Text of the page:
by Tom Gaylord, a.k.a. B.B. Pelletier
This is the second report in this series on swaged bullets. My initial purpose for testing these bullets was to see if I could make a swaged bullet that would shoot more accurately than patched round balls in the rifle barrel of my Nelson Lewis combination gun. While testing that gun, I blew out the nipple and had to repair the gun before it would shoot again. Thankfully, that’s all done now; but I decided, instead, to use a Thompson Center muzzleloader in .32 caliber as the testbed for this idea.
When I first tested the swaged bullets at 50 yards, I couldn’t get a shot on the paper; so this past Monday, I shortened the shooting distance to 25 yards, in hopes I would be on paper. Since I’m reporting this now, you know that I was successful.
One thing I thought might be causing a problem was using too much black powder for the swaged bullets, so I selected a 9mm Luger case as the new powder measure. But there were ignition problems, so that wasn’t the right thing to do. I then adjusted the powder measure back to its smallest measure and shot some patched balls as a control group. The first one was a hangfire that was delayed about 100-200 miliseconds. It sounded like I’d shot a flintlock with a slow lock time. But the second shot with the same load went off perfectly, so I put 4 more downrange after it. This gave a nice group that measured 1.504binches between centers. That’s not great for only 25 yards, but at least the group seemed to be centered on the bull, if a little low.
Five patched balls went into 1.504 inches at 25 yards. The 6th shot that landed low was a bad hangfire.
I was exhausting a supply of 3F Goex powder that was at least 30 years old. I’d received it as a gift about 12 years ago, and I think the giver said it was about 20 years old then. So, black powder does hold up over time when properly stored.
One thing I did with the patched bullets was quit cleaning the bore between shots. I used a patch lubricated with saliva, which is recognized as the most accurate round ball lubricant. To do that, I put the patch into my mouth as I began the loading process; then it was wet when I laid it across the muzzle about 30 seconds later. You can only use spit patches if you’re shooting right away; because if the saliva dries, it won’t do anything. Plus, you can rust the bore where it sat. But after 6 rounds had been fired, the bore was still clean enough that I could seat the ball flush with the muzzle with thumb pressure. That told me the bore was not getting any dirtier as the shot count increased. With real black powder, the bore gets dirty on the first shot.
Then it was time for the swaged bullets. The bullets I swaged from .310 lead balls proved too small for success. They missed the target altogether. Then I switched to bullets swaged from .350 lead balls. These seemed perfect and went to the same point of aim as the patched balls. After 4 shots, I thought I had a winner; but shot 5 went almost 6 inches higher, opening the group to 6.25 inches. The first 4 shots measured 1.816 inches between centers — not that much bigger than the patched ball group.
The larger bullet on the left was swaged from a .350 ball. The smaller one came from a .310 ball and didn’t shoot very well.
The swaged bullets did okay until the last shot (upper right). The bore was getting too dirty to shoot well. Notice that at least 2 bullets hit the paper sideways.
This target held a clue to what was happening. Two of the 5 shots appear to have struck the paper sideways, indicating they’re tumbling in flight. Because the bullets are swaged into cylinders rather than spheres, this is very easy to see. Instead of round holes, you get rectangles. Obviously, these bullets aren’t stable in flight, which means they probably aren’t engaging the rifling. Either that or the rifle’s twist rate, which I believe is 1:48″, is too slow.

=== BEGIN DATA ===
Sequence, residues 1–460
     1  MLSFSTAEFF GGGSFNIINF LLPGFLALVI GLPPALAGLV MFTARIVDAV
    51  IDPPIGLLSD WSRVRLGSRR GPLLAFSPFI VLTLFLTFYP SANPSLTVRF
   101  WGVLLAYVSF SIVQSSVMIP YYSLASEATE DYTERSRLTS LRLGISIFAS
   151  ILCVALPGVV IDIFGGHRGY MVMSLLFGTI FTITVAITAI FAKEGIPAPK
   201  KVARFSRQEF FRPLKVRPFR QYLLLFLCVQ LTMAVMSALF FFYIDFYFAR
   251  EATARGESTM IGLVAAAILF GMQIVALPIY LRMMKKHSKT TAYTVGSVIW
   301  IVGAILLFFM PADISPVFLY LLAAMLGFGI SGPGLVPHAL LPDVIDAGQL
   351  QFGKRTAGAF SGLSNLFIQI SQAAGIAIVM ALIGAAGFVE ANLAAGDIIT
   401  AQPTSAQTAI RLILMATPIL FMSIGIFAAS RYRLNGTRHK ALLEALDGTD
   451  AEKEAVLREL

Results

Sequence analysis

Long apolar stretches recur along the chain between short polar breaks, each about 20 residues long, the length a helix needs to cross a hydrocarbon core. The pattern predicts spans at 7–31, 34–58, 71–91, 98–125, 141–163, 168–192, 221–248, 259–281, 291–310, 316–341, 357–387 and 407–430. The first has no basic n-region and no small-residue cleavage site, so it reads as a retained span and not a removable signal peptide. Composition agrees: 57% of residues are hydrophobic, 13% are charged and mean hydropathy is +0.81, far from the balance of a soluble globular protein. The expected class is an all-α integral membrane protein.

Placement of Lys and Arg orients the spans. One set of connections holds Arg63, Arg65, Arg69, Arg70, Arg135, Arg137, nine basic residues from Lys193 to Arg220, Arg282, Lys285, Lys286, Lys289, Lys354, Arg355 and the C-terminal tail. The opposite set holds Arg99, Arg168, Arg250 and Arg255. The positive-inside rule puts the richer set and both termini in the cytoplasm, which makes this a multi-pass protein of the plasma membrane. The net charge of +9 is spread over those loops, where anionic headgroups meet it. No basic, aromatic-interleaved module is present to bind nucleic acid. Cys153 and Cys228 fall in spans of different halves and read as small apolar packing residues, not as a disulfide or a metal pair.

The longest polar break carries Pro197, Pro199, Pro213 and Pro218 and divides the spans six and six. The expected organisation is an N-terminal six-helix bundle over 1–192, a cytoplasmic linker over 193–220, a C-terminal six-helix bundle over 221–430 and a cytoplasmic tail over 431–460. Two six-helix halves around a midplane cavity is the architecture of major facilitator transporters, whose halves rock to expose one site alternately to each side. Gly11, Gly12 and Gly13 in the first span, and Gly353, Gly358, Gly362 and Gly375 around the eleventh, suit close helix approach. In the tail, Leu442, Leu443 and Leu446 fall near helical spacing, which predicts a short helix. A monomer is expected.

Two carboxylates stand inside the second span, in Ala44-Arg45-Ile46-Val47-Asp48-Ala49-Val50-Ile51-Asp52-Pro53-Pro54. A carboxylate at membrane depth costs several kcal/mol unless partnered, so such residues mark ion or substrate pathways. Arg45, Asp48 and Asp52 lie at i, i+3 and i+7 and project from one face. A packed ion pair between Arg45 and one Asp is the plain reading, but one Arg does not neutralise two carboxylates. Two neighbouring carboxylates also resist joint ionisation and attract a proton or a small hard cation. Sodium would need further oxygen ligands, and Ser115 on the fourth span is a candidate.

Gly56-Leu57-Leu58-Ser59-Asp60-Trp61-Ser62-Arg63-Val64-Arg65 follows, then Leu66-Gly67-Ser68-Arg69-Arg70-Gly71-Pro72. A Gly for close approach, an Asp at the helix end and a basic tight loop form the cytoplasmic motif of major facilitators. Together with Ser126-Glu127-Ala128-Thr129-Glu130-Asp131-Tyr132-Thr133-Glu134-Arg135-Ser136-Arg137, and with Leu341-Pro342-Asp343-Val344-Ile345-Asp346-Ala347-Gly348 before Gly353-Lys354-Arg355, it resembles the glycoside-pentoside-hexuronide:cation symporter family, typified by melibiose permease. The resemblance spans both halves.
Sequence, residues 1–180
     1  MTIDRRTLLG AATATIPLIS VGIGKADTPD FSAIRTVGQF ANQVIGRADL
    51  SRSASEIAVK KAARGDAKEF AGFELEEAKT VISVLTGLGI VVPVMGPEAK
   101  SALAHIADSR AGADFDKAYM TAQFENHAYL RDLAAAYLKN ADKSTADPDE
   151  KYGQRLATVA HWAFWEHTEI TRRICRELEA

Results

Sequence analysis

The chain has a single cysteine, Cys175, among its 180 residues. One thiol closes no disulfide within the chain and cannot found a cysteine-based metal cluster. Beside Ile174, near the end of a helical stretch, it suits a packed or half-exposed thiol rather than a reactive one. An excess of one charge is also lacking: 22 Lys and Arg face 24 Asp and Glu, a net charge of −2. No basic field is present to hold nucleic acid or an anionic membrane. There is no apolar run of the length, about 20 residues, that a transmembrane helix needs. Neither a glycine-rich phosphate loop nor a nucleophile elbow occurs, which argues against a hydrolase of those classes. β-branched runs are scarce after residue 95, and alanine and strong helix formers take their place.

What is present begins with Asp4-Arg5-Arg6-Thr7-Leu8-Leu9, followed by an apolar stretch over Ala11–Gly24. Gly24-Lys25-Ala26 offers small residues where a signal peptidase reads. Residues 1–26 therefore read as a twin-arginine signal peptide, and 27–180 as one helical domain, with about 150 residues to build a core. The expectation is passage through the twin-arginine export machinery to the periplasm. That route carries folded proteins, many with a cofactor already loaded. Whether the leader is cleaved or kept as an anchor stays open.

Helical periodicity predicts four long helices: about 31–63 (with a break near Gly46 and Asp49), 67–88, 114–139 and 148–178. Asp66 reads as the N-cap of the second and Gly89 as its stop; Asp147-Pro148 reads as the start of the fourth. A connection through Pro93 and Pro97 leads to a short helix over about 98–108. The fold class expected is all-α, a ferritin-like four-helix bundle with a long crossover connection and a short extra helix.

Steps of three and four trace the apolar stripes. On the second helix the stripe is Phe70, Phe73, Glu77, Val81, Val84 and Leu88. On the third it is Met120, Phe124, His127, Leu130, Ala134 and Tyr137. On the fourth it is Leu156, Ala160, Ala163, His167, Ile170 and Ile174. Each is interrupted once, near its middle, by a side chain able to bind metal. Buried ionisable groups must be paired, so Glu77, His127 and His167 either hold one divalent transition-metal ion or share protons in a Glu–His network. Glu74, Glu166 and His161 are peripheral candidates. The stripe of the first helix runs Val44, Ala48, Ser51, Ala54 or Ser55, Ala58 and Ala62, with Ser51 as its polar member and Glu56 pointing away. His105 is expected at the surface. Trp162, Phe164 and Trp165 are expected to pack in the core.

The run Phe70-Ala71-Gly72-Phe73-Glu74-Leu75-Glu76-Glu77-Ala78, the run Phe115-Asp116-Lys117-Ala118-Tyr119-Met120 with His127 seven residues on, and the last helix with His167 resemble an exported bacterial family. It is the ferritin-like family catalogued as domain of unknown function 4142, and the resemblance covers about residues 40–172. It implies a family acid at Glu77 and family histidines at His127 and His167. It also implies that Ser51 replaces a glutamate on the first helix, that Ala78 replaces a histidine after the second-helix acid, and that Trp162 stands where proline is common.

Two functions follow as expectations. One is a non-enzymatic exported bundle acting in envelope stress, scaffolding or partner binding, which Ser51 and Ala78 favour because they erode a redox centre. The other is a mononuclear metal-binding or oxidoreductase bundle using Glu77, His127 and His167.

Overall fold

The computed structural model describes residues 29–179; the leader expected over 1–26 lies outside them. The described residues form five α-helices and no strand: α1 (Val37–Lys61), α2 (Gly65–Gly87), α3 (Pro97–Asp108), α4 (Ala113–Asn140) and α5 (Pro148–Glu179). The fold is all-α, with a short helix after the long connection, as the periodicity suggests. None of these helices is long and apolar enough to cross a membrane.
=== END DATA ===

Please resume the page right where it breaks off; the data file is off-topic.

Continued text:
Some of the holes are perfectly round, however. This either means they were either tumbling and happened to strike the paper point-on, or they were actually stable and for some reason the other bullets weren’t. More work has to be done to sort this out. But let’s now look at the next discovery.
I told you I wasn’t cleaning the bore between shots this time. Well, that came back to bite me. The swaged bullet that had previously slid down the barrel easily was now just entering the bore and staying put. That’s the unmistakable evidence that powder residue is building up on the walls of the bore.
And the next 5 shots on a different target tell the story. Only 4 landed on the target paper and 2 of those went through sideways. The 5th shot landed below the target paper on the paper backer I was using for just this reason.
On the final target, only 4 or 5 bullets hit the target paper. Two of them hit sideways. The 5th shot landed low, off the paper.
That target marked the end of this day at the range. In all, I shot about 25 rounds in about 45 minutes, which is moving right along for a muzzleloader. I tested two weights of swaged bullets with 2 different powder charges and determined that the heavier charge and heavier bullet were both needed. In fact, the next time I test this bullet, I’ll use an even heavier powder charge and try a heavier swaged bullet, to boot.
For the record, I weighed the powder from the measure and discovered it weighed 19.4 grains. This is a light load for a .32-caliber muzzleloader.
I figure the heavier powder charge will help swell the base of the bullet better to grab the rifling, and maybe the heavier bullet will add a little more resistance to help that along. I also plan to clean the bore after each shot, as I now know these swaged bullets require it.
There’s a whole lot more to explore with swaged bullets, but I’ll keep working with this swage set until I know what I’m doing.